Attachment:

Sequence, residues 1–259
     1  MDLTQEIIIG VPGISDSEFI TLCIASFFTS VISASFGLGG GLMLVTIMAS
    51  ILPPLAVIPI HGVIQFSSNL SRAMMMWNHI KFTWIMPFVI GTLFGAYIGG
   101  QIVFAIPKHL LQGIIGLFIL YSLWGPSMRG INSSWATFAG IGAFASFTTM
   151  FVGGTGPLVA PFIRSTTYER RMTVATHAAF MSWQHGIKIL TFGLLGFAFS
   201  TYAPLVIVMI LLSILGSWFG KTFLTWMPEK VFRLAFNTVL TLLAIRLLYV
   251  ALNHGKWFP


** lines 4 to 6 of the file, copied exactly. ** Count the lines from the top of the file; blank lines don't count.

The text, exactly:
   101  QIVFAIPKHL LQGIIGLFIL YSLWGPSMRG INSSWATFAG IGAFASFTTM
   151  FVGGTGPLVA PFIRSTTYER RMTVATHAAF MSWQHGIKIL TFGLLGFAFS
   201  TYAPLVIVMI LLSILGSWFG KTFLTWMPEK VFRLAFNTVL TLLAIRLLYV